While every season has its own charms, there’s something about the monsoon that feels special, something worth capturing. If you’ve been meaning to get into photography then there couldn’t be a better time to start. On the other hand, if you’ve been into photography, and just haven’t tried monsoon photography yet, we’ve got you covered today. We’re going to look at some of the best practices and precautions you need to take to get the best monsoon shots this season.

The gear 

The first thing you need to ensure is that you have the right gear before you step out during the monsoon. Keeping yourself and your equipment in optimal health is a high priority.

Clothing

If you fall sick, your monsoon photography wishes will remain wishes for the time being. Ensure that you wear only waterproof clothing, and carry a raincoat, umbrella and rain boots. Not only will it keep the rain out, it will also keep you from shivering during a perfect shot and keep you focused on that click. "While composing an image, do not let yourself get deterred from the weather," says Chandigarh-based filmmaker and photographer Samar Singh Virdi, "Focus and spend time until you get the composition you want."



Camera case 

Water and electronics don’t usually go well together, and most cameras are no different. To keep your camera safe from the perils of the rain, when you’re out to capture it in all its glory, pick a durable waterproof camera case. “Always have a few silica gel packets in your bag to avoid moisture for your gear” says Mumbai-based freelance photographer Prashin Jagger, “An expensive alternative is to keep all your gear in a dry cabinet. Most camera bags have a rain cover, if yours doesn't, try to get one and have a second cover for the camera itself.” 


Lens hood 

A lens hood will keep your shot free from unwanted droplets in the rain, and it will also keep your lens safe in case of an accidental drop. 


Cleaning kit 

Regardless of how safe you keep it, there’s bound to be a couple of droplets that make their way onto the body of the camera. Keep a microfiber cloth and a cleaning kit to keep your gear spic and span for the perfect click. 


Tripod 

A tripod isn’t necessary for taking a good picture, but it goes a long way to battle the challenging conditions of the monsoon and achieve the desired stability in your pictures. It is essential to use a tripod particularly if you’re going for slower shutter speeds in your clicks. 


Photography tips 

“Speaking about photography, I like to focus on how there is new life everywhere, the trees feel alive, the birds are chirpy and busy making nests”, says Prashin, “Visually it's a great to look out for reflections where you don't generally see them. Great looking clouds are always around the corner. Shooting in the rain makes it easier to photograph people since they are more focused on the rain or whatever they might be doing.”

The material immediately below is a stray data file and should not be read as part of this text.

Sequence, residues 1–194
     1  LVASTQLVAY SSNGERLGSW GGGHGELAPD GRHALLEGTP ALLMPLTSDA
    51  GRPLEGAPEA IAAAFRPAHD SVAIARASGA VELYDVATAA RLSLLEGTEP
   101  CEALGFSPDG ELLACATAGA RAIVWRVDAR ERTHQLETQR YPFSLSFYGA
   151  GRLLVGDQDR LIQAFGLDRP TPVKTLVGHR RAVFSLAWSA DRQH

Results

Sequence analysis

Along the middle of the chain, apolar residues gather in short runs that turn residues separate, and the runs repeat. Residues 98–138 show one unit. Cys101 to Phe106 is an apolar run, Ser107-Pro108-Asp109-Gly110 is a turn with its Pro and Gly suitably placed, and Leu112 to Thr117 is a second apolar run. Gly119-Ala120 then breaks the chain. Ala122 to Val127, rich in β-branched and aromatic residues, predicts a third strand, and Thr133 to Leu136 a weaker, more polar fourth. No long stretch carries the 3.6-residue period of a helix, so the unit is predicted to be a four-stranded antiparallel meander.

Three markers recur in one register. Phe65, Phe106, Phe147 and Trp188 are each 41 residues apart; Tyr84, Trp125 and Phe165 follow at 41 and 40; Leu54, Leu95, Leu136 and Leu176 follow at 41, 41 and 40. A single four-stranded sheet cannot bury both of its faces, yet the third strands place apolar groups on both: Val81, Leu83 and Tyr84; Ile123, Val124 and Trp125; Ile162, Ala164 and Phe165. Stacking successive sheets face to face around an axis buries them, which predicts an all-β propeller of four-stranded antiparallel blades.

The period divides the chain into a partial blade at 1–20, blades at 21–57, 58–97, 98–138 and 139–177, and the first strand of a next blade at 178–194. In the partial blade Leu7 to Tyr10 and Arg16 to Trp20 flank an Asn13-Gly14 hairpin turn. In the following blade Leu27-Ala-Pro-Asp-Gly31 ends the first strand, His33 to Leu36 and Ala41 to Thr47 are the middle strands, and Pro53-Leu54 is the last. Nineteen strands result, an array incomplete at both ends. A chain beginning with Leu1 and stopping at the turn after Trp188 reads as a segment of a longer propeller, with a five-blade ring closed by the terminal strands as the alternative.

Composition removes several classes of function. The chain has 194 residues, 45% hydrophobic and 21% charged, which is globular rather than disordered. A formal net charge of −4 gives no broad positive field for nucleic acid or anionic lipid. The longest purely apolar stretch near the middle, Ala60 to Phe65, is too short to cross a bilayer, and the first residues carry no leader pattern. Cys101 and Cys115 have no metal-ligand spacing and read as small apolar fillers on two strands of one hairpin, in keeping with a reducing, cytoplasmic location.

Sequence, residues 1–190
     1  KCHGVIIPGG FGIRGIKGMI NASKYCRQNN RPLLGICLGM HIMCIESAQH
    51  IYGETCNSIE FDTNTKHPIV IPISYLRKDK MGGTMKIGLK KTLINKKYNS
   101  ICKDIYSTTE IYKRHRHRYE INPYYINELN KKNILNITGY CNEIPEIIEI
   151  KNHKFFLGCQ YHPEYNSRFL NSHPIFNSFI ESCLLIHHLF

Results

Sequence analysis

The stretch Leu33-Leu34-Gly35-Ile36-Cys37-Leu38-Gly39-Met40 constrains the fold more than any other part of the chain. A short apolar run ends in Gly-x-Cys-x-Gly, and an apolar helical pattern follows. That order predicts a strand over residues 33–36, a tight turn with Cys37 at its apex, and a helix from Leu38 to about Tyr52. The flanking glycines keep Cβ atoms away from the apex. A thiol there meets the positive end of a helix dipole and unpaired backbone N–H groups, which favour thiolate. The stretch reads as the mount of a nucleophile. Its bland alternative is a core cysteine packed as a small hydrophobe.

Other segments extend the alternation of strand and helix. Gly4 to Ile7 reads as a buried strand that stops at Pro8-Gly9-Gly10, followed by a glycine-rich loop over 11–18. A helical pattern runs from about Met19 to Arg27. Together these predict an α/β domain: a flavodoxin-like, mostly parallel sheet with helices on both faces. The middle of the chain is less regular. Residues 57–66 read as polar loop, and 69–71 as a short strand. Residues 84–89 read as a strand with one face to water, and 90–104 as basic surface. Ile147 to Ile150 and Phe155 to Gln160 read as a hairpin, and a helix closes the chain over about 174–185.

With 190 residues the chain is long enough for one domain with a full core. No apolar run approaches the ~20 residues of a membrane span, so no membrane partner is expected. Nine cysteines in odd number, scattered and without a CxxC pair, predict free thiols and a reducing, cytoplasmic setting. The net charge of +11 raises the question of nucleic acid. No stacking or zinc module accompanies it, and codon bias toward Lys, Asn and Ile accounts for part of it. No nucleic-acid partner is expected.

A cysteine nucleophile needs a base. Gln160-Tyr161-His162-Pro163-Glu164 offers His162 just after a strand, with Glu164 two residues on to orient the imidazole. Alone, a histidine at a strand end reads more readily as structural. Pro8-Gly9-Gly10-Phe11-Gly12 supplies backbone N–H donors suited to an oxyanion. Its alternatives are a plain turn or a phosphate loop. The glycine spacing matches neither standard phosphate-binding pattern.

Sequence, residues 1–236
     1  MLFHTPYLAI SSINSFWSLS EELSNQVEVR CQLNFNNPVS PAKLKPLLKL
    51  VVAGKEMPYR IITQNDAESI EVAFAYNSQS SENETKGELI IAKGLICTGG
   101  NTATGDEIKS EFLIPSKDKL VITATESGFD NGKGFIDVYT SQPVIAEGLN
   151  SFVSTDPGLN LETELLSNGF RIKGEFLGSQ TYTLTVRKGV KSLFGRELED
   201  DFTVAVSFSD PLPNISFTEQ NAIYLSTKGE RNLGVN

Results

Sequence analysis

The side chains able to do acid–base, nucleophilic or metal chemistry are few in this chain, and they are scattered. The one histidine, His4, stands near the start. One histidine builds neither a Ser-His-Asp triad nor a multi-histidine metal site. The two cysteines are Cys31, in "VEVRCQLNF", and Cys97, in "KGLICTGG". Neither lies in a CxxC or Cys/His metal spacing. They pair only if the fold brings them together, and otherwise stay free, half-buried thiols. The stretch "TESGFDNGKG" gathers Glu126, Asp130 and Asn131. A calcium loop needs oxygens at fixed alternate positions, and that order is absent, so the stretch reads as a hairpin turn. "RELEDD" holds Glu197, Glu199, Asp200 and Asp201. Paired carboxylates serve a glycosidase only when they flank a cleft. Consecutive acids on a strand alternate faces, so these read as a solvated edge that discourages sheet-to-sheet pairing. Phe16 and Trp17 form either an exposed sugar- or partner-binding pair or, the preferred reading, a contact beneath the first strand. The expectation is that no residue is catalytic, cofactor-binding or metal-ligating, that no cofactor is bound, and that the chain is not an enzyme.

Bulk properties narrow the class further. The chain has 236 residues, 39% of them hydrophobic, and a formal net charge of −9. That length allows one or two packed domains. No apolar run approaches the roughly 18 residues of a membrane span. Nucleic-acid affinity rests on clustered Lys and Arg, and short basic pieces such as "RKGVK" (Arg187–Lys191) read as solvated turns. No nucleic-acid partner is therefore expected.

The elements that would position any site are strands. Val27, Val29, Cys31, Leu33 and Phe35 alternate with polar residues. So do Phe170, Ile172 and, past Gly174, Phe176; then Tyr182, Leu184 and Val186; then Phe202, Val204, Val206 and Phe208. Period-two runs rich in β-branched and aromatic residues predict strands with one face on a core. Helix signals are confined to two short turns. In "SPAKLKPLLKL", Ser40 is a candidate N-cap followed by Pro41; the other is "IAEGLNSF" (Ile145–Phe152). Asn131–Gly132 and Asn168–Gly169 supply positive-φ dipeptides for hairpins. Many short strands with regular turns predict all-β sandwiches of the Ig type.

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You should play with darker backgrounds, different types of lighting and multiple shots to figure out what works for you and gets you the best results. Even using the flash can get you interesting results in some cases. "Water is a very interesting element. It gives you an opportunity to explore macro as well as wide compositions," says Samar, "Look out for stories, how monsoons affect a certain place, structure, people or institution."

Beyond the creative aspect, there are a lot of technical tweaks to regular every day photography that makes monsoon shots come out perfect. We’ve explained a few of them below:
 
  • Shutter speed: When it comes to how your final photo comes out, shutter speed plays a huge role in monsoon photography. A quicker shutter speed will give you greater detail on falling droplets. The starting point would be 1/250 sec from where you can go quicker or slower depending on your preferences. Anything at or below 1/125 isn’t recommended for rain photography. 
  • Aperture: When it comes to aperture, going for f/8 or higher makes sense. You want more than just one object to be in focus – the background, the droplets and more. With quicker shutter speed, you must couple it with greater aperture to get perfect rain photos even in dim-lighting condition. 
  • ISO: Quite a few modern cameras have auto-ISO feature, where you can even set an upper and lower limit for the same. To capture individual droplets, setting the ISO at or higher than 1600 is ideal, but don’t go too high, as that will create noise in the image. 

With these tips and expert advice, you should be good to kick off your monsoon photography adventures. Don't be afraid to look for inspiration around you, says Samar, "(I) would recommend work of legendary filmmaker Akira Kurosawa to study weather as an influential character in storytelling." Once you get started, share your best shots with us. Let us know if these tips work for you.  

Image Courtesy: Shutterstock; Samar Singh Virdi; Prashin Jagger 

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